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Mar 28, 2018

Meetings! They take up our time and nothing actionable ever gets done by the end of it. No one really likes meetings. However, good meetings can actually give you back time. How can you execute a good meeting so that everyone will feel happy and more productive by the end of it? This week’s guest shares how!


Rob Simons is a Certified Gazelles Coach, the Strategy Summit Facilitator and Accelerator Facilitator for Entrepreneurs’ Organization, and has over 25 years of experience as a brand expert, business coach, and entrepreneur!


Rob grew up during the beginning of the personal computer revolution. He started his first publishing firm at 23 and started his first branding firm at 25. A defining moment for him was going to an all-day workshop with Verne Harnish and that’s when he realized how much he didn’t know about how to run a business. Things really started to kick off from there. In 2011, Rob started coaching clients on a full-time basis.


One of the biggest mistakes Rob made was not getting an outside coach. He thought, “I’m a smart guy. I can figure it out.” Yet, even the best golfers in the world have a coach and running a business is no different.


When Rob was running his businesses, he hated meetings. He had a lot on his plate and the last thing he wanted to do was sit in a room for an hour. However, good, effective meetings on a regular basis set you free. One client told Rob that he was able to reduce his email by 60% just by having good meetings.


In our digital world, so many things get lost in translation via email. Don’t try to have important conversations via email. At best, have a video conference if you need to talk. 60-70% of language is non-verbal, so you have to be able to see your team to fully understand the meanings behind the words they say.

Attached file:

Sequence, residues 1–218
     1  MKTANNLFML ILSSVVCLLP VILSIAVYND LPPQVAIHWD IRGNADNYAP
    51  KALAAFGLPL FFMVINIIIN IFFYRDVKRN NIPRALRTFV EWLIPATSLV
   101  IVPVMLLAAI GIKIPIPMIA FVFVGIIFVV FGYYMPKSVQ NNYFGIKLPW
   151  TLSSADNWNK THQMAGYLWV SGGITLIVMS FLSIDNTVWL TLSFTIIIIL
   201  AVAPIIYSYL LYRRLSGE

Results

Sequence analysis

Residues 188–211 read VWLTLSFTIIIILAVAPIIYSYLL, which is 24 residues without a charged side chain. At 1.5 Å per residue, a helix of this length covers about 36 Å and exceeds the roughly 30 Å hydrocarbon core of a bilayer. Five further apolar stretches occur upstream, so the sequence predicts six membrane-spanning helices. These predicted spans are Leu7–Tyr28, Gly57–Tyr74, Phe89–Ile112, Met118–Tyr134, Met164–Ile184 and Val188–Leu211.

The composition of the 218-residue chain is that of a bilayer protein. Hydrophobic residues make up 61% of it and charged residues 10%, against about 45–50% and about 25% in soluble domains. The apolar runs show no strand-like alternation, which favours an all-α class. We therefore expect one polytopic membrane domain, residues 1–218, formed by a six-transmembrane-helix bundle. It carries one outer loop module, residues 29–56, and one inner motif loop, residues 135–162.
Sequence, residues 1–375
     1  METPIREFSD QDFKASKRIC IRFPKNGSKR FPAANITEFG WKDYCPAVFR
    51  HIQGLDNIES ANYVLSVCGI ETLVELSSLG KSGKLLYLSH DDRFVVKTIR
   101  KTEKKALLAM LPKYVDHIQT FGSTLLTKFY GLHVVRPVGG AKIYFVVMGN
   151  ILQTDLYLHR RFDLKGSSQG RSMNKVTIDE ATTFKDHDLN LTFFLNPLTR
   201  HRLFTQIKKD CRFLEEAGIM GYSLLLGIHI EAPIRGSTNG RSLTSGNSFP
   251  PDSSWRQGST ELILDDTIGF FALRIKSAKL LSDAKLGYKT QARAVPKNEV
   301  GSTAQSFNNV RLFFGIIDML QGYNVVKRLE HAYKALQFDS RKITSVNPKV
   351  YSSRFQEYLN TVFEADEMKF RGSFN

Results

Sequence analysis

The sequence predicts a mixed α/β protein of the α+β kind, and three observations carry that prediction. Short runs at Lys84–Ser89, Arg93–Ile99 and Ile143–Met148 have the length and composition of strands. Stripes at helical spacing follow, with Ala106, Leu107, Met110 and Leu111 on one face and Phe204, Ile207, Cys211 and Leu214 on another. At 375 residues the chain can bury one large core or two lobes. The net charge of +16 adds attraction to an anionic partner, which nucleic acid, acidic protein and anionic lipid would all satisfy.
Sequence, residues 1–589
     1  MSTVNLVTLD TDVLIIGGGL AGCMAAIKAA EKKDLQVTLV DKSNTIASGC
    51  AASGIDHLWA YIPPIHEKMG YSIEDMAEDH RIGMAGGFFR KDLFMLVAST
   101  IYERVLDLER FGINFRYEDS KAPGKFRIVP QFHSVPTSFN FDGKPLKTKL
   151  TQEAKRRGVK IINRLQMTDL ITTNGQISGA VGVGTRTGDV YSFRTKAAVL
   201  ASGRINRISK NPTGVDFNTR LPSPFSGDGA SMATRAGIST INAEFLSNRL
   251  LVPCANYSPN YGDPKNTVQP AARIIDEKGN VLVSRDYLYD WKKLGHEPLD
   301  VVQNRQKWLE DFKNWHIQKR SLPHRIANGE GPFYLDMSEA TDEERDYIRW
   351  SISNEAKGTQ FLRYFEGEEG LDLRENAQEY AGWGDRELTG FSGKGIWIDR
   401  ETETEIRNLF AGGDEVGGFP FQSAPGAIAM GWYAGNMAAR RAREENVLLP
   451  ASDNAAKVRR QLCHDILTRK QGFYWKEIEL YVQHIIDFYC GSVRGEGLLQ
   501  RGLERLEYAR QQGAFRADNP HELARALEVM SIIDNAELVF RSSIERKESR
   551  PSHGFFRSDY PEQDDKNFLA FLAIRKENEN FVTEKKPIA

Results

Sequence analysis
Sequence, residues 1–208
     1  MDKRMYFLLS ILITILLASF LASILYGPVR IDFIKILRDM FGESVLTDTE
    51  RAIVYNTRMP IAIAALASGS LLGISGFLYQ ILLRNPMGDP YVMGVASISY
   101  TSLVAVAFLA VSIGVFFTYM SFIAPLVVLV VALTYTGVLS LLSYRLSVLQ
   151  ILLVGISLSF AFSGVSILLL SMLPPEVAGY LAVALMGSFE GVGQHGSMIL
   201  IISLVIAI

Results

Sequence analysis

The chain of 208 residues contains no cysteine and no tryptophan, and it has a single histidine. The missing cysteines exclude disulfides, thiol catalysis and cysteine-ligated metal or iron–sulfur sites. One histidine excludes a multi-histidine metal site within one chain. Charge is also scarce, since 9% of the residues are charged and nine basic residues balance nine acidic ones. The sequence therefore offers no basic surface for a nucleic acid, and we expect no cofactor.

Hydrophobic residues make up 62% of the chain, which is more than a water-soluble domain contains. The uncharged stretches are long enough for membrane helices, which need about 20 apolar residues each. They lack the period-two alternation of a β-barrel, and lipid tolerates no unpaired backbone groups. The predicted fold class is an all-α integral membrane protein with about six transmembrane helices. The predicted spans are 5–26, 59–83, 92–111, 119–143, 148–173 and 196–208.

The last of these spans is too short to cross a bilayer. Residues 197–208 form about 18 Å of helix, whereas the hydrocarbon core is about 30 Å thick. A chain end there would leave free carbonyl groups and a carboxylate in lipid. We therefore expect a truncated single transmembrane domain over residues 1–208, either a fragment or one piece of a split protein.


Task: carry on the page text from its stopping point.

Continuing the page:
Believe it or not, having a daily huddle or a daily meeting can actually be very beneficial to you and the organization. However, so many clients hate doing the daily huddle. It sounds simple, but talking to each other every day and having good communication within the organization go hand-in-hand and the daily huddle helps bridge that.


After you’ve established good daily huddle habits, then what’s the point of having a weekly meeting? The weekly meeting is basically helping you close your books. It gives you a quick recap of what was done that week. Some people like to do this monthly, but truth be told, most people can’t remember what happened 3 weeks ago and things often, again, get lost in communication.


With any good meeting, you have to have an agenda, an outline, of what you’re going to talk about and you have to make sure you follow it! If you don’t have an agenda and you’re just winging it, then it’s never going to work.


Interview Links:

Rob on LinkedIn



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